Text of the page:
#163 April Status Report
April 5, 2021
This month’s report is about a new addition to EnterTRAINment Junction’s (EJ’s) American Railroad Museum. It’s John R. Hixson’s collection of live steam machines and mechanical threshers, now located in the American Railroad Museum’s theater.
John was born in 1900 and grew up in farming country in Pennsylvania, where he had the opportunity to work with the kinds of steam tractors and threshing machines which he later modeled, and which are now on display, courtesy of the Cincinnati chapter of the National Railway Historical Society to whom John’s heirs donated the collection of his models and his pencil drawings of steam engines. In his 88-year life, John was accomplished in many pursuits, including farmer, cowboy, husband and father, machinist, steam-engine enthusiast, artist, and violinist.
Figure 1 shows John’s model of a 4-6-4 Hudson locomotive. It was formerly live steam, but has been converted to electric power to show the operation of the valve gear and drivers which functions at the push of a button on the display. The driving wheels don’t touch the rails to avoid wear.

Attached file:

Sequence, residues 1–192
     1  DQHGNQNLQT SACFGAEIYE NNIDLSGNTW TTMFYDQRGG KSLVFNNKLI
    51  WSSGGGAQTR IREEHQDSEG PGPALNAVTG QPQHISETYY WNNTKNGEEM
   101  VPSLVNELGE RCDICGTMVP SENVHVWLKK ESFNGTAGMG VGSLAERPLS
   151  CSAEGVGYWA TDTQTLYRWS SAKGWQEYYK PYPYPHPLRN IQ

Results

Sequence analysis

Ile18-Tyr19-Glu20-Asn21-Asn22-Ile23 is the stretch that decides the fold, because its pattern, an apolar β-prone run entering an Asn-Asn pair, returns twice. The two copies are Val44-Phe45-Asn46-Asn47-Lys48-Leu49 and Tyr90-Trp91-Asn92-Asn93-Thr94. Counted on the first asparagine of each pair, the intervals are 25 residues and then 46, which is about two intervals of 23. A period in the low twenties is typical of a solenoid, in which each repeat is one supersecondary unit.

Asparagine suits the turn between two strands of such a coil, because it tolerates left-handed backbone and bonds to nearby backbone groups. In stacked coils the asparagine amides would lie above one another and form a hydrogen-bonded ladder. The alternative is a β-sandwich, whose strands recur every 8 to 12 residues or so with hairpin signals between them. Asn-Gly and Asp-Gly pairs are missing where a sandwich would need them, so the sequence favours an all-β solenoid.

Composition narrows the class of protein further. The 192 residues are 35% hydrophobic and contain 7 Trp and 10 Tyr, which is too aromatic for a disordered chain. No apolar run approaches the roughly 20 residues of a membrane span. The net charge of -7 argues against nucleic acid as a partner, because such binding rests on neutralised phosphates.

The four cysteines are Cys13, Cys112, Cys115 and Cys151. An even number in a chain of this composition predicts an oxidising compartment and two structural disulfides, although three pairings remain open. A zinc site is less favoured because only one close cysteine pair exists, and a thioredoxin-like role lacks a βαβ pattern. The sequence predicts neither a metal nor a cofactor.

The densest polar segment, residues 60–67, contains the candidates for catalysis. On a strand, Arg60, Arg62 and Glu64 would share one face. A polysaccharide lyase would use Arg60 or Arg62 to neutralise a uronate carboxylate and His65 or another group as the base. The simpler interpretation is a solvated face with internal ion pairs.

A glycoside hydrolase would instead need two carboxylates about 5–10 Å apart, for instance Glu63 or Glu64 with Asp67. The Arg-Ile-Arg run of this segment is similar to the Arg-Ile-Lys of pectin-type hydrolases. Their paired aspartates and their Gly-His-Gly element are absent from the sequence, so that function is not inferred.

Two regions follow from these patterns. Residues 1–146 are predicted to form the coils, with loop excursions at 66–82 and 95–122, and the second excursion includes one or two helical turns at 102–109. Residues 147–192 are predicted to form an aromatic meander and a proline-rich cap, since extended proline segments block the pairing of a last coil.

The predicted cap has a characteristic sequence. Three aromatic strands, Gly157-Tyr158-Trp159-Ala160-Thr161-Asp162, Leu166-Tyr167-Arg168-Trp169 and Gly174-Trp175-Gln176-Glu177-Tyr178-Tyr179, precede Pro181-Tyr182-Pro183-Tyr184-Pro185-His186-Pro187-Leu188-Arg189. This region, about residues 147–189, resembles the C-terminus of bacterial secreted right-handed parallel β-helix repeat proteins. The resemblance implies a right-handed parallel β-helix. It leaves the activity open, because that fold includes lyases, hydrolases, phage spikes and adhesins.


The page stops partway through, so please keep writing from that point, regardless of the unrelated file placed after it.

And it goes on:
Figure 2 shows John’s live-steam model of a steam tractor whose prototype was built by the Port Huron Engine & Thresher Co. of Port Huron, Michigan. In addition to being able to pull plows or other loads, this machine also had an accessory drive, shown above the drive wheel. This would be connected via a belt other machines needing powered input, like the threshing machines shown later in this article.
Figure 3 shows two live-steam machines. The one on the left is a toy steam roller, while the one on the right is a scale model tractor.
Figure 4 shows a horse-drawn grain wagon, used for delivering the cut grain stalks, which would be fed into the belt-driven thresher (also called a “thrasher” in its day) at its left in the figure. In the thresher the grain stalks would be beaten to remove the grain kernels from the stalks, and the grain would be collected for subsequent transport to a mill or stored for use in the next planting.
Figure 5 shows a model representative of threshers built in 1898. In John’s descriptions of the models, he reminisces about his own participation in harvests using such threshers, with his most pleasant memories seeming to be the hearty meals provided by the farmers’ wives during those collaborative efforts. The drive pulley, which would be driven via a belt attached to the tractor, is above the front axle.
Like most hobbyists, John participated in shows and gatherings of clubs representing people with similar interests, as indicated by the labels applied to some of John’s models (Figure 6).
On your next visit to EJ, make sure to check out this exhibit in the American Railroad Museum theater.
©2021 Tom Bartsch
MVGRS Big Train Project Coordinator